Faraday Future looked like it had turned things around, announcing last month the start of production of the much-delayed FF91 Futurist. Not many people thought the company would make it to that point as late last year they warned they were on the brink of bankruptcy and had “substantial doubt” about continuing to operate.
Despite raising an additional $135 million in February to be able to start production in March, the company is facing another financial hurdle that could end things before they even begin (again). On Thursday Faraday Future said that instead of starting deliveries of the FF91 at a special launch event on April 26, the company is implementing a “three-phase delivery plan aimed at continuously implementing the Company’s core philosophy and corporate vision of co-creation and co-sharing.”
What that jargon means is that deliveries now won’t start until the end of Q2 2023. Or that may not happen at all unless they get “substantial additional financing.”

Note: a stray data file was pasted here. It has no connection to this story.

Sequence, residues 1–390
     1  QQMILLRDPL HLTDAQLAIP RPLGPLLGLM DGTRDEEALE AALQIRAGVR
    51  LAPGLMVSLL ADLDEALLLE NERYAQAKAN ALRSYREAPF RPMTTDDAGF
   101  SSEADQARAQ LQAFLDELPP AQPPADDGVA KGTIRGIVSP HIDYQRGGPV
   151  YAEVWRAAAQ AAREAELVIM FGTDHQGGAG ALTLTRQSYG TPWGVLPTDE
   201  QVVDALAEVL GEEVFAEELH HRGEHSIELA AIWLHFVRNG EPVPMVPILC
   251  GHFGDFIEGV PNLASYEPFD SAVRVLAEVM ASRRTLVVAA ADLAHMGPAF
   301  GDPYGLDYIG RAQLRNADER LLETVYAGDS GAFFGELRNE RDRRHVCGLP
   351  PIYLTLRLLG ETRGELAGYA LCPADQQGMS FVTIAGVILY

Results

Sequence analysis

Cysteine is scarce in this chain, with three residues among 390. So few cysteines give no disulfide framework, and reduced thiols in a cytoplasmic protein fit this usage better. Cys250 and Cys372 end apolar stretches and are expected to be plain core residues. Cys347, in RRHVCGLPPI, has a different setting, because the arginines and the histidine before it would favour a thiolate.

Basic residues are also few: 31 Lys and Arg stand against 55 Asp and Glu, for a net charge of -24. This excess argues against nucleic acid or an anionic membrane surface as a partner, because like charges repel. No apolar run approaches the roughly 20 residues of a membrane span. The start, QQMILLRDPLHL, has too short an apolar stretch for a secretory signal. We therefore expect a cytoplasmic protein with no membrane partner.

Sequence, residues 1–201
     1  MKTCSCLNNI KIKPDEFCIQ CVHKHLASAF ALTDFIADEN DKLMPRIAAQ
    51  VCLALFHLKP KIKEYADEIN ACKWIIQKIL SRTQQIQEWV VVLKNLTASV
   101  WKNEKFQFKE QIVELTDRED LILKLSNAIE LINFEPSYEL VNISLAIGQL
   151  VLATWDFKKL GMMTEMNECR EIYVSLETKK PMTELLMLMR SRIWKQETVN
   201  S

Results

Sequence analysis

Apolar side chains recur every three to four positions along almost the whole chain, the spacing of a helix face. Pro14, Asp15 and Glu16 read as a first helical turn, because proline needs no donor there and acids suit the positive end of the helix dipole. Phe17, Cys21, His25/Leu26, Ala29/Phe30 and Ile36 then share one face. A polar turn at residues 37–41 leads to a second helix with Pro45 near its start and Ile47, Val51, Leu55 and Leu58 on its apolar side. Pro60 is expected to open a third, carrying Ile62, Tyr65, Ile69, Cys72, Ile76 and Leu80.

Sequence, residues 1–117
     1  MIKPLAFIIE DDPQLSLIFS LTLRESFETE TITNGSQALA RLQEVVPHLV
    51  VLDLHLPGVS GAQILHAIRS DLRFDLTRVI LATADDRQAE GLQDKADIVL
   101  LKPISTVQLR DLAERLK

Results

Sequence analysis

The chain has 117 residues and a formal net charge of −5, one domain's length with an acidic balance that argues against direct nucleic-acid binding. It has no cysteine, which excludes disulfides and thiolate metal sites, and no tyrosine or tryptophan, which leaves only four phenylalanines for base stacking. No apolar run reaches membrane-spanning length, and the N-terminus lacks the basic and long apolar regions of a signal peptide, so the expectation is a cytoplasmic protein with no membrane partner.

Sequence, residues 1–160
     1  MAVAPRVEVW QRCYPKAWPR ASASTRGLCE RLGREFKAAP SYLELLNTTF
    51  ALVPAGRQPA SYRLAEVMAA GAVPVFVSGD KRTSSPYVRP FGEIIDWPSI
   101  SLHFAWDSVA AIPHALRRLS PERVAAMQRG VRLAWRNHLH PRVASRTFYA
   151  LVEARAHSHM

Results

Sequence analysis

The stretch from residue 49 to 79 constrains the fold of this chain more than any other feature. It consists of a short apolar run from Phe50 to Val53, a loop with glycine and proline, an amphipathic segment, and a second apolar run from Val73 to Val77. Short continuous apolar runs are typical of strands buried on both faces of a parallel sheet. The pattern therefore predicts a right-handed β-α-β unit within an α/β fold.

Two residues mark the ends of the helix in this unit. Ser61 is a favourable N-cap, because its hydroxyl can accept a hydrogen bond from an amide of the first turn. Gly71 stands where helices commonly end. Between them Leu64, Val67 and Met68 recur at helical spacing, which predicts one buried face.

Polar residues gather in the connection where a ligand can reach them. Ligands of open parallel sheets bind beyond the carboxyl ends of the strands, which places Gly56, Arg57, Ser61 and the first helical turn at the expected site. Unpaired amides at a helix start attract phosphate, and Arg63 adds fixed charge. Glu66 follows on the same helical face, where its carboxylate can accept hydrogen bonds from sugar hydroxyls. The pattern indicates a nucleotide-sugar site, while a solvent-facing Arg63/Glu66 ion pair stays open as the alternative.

Phase 1 will begin at the end of May for those that have paid in full for an FF91, referred to by the company as “Industry Expert Futurist Product Officers (FPOs).” First however they will receiving training on how to use the vehicle. Those FPOs will then take possession in the Phase 2 of the plan, some time in June. Finally Phase 3 will see additional FF91 deliveries “to all spire users that pay in full for an FF91 vehicle.” By the way, as far as we can tell no one knows how much the FF91 will actually cost, but it is expected to be around $200,000 USD.
However no deliveries will take place unless they get another cash infusion. Even though they raised $135 million in February, the company has already burned through most of that and only has $29.8 million in cash remaining. Faraday says they are “in discussions with additional potential investors,” but finding more investors to put money into what is clearly a sinking ship might be difficult.
Then there’s also the matter of crash tests. Faraday says deliveries are contingent of the completion of required crash tests, but provided no timeline on when the crash testing might take place.